Koimoi Recommends Paroksh: Imagine the presence of an unearthly element is observed in your vicinity, what is the first reaction of the eldest member of your family? Something to with a supernatural theory, that leads to a superstitious solution? Not for all, but at least the majority. But do we ever tend to look beyond superstition and fear, till someone makes us realise our misconceptions? Paroksh, a Tulu short film, talks about one such element and unravels the horror of an alien sound. Get along as I recommend you to watch this one on Koimoi Recommends this week. Also, it’s inspired by true events.
Director: Ganesh Shetty
Language: Tulu (With Subtitles)
Available On: YouTube
The premise is simple. One fine day a woman in a village in Mangalore hears a child crying in her farm. The sound is heard in the vicinity of one tree, but no one is to be found around. She informs her husband, who afterwards informs his brothers, who bring a priest. The crying still continues, and no one knows if it is the ghost or something else?
Ganesh Shetty, with his short film Paroksh, tries to take you to the heartland. Where houses are still from the sets of Malgudi days, technology has just touched the landscape, modernism is a concept looked at from far on, and the power dynamics between the man and the women is pre-credited. Amid all this appears, the crying sound and the horror begins.
Horror as a genre in Bollywood is sadly the least explored one. Don’t calculate it with the number of films. Count the ratio with the ones that really induced horror in you. The only film that I can instantly recall is Anushka Sharma’s NH10. Paroksh is a film where you don’t know the villain, not even its existence. The title itself means one that cannot be seen but exists.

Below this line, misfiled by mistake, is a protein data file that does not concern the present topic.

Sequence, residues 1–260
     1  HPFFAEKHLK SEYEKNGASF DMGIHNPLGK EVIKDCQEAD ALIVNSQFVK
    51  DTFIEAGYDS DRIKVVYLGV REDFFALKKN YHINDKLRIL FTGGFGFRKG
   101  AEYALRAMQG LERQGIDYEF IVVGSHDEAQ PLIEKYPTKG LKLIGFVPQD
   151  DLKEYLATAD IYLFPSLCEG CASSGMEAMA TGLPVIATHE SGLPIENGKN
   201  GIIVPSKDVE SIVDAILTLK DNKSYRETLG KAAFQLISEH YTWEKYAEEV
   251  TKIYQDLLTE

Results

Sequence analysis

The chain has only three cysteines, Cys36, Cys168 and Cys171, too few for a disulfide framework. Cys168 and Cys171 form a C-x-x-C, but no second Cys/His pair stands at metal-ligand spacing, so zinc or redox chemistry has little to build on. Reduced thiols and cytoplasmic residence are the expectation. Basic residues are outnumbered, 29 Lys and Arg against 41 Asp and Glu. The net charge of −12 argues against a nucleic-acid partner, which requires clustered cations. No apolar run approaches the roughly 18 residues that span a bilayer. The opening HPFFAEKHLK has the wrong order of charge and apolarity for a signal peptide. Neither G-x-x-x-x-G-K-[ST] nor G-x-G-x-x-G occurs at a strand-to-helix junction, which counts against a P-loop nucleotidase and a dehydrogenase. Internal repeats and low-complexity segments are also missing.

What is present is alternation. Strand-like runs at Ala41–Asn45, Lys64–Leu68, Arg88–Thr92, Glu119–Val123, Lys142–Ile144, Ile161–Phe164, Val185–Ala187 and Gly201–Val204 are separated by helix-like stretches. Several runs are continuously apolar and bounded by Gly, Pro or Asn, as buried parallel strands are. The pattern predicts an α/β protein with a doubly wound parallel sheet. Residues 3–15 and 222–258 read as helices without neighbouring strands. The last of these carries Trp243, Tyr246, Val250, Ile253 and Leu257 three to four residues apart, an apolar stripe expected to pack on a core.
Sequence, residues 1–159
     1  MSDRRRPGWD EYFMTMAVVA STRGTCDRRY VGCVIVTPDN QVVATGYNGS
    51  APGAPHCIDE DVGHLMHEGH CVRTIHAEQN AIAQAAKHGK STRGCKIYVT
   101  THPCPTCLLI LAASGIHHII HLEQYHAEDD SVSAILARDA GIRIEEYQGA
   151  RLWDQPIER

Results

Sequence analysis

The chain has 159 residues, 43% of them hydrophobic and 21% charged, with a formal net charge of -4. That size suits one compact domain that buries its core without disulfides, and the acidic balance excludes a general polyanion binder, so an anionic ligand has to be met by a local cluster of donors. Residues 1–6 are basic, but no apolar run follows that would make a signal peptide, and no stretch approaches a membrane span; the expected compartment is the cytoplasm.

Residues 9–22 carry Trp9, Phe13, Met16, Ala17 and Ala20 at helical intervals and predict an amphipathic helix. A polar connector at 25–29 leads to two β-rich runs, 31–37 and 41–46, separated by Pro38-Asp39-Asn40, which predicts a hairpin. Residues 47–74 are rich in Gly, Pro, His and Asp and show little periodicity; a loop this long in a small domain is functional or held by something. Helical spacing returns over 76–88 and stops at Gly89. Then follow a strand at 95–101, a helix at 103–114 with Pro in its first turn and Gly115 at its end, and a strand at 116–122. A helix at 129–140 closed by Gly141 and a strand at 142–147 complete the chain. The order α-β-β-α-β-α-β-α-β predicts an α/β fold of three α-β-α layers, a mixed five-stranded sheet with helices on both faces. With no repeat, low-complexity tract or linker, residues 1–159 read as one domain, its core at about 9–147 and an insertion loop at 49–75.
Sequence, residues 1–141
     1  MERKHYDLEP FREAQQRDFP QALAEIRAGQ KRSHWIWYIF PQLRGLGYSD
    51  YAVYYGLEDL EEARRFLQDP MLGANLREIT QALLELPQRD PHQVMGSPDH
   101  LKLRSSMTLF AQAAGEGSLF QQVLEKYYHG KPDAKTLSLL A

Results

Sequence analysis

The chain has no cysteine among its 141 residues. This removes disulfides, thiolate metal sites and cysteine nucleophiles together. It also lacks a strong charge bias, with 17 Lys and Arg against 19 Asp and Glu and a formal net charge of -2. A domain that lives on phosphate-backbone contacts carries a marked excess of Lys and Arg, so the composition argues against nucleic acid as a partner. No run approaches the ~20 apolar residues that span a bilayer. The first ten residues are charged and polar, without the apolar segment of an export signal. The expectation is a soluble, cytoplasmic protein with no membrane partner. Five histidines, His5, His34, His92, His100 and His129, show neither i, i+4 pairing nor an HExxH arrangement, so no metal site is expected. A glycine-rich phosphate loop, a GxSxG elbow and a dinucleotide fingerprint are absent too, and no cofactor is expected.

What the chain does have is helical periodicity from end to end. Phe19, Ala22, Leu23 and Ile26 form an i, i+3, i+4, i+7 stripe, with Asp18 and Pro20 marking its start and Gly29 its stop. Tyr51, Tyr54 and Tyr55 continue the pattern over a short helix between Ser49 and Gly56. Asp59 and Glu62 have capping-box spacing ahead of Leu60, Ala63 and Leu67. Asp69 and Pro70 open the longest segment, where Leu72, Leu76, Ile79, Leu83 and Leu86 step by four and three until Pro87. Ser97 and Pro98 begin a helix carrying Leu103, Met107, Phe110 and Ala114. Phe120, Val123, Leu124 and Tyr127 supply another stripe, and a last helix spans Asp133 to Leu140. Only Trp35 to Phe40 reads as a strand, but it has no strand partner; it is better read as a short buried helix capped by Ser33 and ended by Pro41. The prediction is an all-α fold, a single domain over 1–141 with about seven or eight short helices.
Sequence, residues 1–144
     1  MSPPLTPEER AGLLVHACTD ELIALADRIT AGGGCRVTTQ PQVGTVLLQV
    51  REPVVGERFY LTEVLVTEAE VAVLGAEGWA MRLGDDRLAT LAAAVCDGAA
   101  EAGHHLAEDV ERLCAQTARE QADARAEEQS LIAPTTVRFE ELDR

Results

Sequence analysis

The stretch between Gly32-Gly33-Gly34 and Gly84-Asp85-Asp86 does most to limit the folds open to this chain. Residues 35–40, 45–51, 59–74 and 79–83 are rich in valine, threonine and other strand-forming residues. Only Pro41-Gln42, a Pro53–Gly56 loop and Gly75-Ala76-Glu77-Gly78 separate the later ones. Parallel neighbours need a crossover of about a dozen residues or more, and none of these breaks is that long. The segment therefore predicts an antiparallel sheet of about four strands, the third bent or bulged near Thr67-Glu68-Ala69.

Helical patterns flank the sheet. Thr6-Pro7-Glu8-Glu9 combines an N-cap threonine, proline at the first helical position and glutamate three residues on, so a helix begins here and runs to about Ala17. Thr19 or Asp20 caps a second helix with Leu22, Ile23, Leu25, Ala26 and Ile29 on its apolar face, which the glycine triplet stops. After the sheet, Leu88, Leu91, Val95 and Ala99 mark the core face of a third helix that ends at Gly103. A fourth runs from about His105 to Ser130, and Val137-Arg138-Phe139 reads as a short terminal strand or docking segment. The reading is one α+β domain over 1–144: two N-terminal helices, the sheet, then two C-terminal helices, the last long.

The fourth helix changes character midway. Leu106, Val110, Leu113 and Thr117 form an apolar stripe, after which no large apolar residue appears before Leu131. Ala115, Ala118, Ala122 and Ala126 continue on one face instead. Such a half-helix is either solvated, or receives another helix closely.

Ganesh Shetty, with his stellar cast Amit Sial and Pooja Nayak, captures you with the word go. They are like us, ones from between us. Their reactions are what ours would have been. And with them, Shetty manages to show us the deeply rooted superstition in us. None of them looks out for logical reasoning; everyone tries to take refuge in the ‘puja’ that a priest does to eliminate the crying noise. But does that help? Watch Paroksh.
Ganesh manages to make you one of his characters and slaps you hard with the climax when you realise even you could not think of a reason like this. All this time, you were expecting a CGI’s ‘atma’ to pop out of the tree. But, facepalm! The camera department deserves at least a quarter of the credit to catch the frenzy and induce intrigue, acting department does the remaining job.
Paroksh is definitely not the most finely made short film. The characters are one tone and not layered. But that is not the purpose of the film. Watch out for the scene where the mother has already drawn a conclusion and given the crying noise a face in her dreams. A thing we all do but never realise how frightening it is.
Watch Paroksh to see how deeply rooted superstition is within us and looking beyond is a virtue not many of us have. But be aware the next time you hear an alien sound!